Last April, the entire nation watched in shock and horror as the city of Baltimore descended into flames and police militarized against protesters who were demonstrating against the arrest and death of Freddie Gray.
It started with a foot chase through a Baltimore neighborhood on April 12, 2015. Police claimed that they had first confronted Gray for possessing an illegal switchblade.
Gray ran. Police chased him, tackled him to the ground, and (as captured by civilian video footage) handcuffed him and dragged his supposedly limp body into the back of a police van.
When he arrived at the police station, Gray was not breathing. Days later, he fell into a coma and died of spinal injuries.
Six Baltimore officers were suspended with pay and faced criminal charges for Gray’s death (contrary to department policy, they had not responded to his requests for medical attention at the time of his arrest, and had not secured him into the transport vehicle before bringing him to the police station).
The story is resurfacing because this past Monday, Judge Barry Williams found Officer Edward Nero not guilty for the death of Freddy Gray since, according to CNN, he was not the main actor in Gray’s arrest and detention and was not the highest ranking officer involved.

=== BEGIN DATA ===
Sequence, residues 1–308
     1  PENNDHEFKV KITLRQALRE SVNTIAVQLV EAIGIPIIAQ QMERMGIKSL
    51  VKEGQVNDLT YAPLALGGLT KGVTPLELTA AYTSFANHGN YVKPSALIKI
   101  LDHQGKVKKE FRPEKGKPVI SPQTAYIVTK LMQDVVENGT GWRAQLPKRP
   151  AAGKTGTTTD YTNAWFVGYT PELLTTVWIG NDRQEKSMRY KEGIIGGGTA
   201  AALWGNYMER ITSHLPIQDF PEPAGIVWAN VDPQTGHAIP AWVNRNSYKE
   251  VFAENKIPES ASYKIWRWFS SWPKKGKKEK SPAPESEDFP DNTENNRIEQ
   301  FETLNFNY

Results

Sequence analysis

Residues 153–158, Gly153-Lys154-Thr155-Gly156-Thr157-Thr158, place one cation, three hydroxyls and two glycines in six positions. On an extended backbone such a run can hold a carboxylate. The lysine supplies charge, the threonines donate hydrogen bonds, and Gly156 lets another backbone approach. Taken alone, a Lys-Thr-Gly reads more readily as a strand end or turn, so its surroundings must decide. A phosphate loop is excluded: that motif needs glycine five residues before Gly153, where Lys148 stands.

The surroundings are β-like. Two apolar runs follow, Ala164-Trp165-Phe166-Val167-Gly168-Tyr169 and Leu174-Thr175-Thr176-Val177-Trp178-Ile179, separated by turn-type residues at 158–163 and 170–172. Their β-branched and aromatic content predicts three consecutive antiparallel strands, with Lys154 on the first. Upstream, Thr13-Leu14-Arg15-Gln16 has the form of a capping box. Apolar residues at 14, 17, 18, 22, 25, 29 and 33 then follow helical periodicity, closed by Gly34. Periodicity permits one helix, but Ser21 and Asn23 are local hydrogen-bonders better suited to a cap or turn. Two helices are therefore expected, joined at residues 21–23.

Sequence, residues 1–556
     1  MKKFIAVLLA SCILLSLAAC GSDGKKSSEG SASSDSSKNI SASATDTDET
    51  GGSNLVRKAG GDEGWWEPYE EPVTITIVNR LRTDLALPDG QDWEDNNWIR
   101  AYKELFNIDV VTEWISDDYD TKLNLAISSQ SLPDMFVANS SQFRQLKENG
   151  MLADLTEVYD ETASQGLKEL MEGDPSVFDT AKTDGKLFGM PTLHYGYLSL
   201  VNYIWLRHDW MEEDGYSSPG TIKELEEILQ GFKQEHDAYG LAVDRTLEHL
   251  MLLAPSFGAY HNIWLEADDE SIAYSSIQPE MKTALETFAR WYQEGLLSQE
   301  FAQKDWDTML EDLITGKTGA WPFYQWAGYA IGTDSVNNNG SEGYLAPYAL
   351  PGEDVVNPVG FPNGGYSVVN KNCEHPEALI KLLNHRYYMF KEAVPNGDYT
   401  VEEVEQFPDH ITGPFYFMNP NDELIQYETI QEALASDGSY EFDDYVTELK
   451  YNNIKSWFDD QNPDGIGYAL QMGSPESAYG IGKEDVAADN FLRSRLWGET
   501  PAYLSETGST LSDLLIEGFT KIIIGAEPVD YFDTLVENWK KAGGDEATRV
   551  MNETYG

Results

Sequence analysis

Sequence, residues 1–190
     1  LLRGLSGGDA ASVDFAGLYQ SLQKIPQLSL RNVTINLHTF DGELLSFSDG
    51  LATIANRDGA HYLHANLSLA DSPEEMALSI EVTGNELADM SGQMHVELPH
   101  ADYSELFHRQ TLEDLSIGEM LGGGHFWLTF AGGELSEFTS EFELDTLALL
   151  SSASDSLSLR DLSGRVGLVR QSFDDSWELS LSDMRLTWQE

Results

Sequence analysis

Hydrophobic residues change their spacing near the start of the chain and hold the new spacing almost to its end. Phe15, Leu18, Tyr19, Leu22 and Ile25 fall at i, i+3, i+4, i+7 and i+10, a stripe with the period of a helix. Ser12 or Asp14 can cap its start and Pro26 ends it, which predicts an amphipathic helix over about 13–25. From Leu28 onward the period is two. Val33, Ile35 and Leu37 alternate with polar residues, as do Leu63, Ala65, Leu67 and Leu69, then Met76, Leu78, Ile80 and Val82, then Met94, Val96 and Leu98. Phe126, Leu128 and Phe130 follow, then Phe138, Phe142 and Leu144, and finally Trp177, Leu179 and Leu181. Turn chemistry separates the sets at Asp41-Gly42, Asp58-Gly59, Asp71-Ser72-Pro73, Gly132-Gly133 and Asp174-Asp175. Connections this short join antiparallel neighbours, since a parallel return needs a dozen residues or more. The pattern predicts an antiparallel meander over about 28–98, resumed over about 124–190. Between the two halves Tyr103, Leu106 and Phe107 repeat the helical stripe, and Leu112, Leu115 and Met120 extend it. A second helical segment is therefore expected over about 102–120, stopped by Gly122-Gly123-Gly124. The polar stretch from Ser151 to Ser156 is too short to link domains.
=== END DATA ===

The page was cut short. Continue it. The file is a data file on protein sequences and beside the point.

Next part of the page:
This piece of news closes one small aspect of the Freddy Gray case. It doesn’t acquit the officers who have yet to stand trial. It doesn’t solve the mistrust between police and the communities they are supposed to be protecting. And it certainly doesn’t resolve the anger that so many Americans finally expressed last year.
Gray’s death was a big deal partially because it was not an unfortunate anomaly—it was when the bubbling tension between West Baltimore and its police force finally spilled over. And it was one encounter out of many throughout 2014 and 2015 that involved an individual’s death.
In the words of Professor Abby Hall:
But what we’ve seen over time is that now the language and the type of tactics that were used once exclusively by the military have now worked their way into standard police practices.
So, we see things like police wearing battle dress uniforms or BDUs, the things with the camouflage on them, they’re wearing heavy Kevlar and bulletproof vests, they have high-powered rifles. And we also see other indications that this is a cultural kind of shift.
So, as opposed to referring to their neighborhood as a neighborhood, they refer to it as a battlefield, or they refer to it as a war zone. As opposed to saying these are the citizens, or these are the people in my district, they’re referring to them as combatants, or it’s an “us vs them” mentality as opposed to a “I’m protecting my community” mentality.”]
Learn more about the facts behind Gray’s death and the history of police militarization in the video below.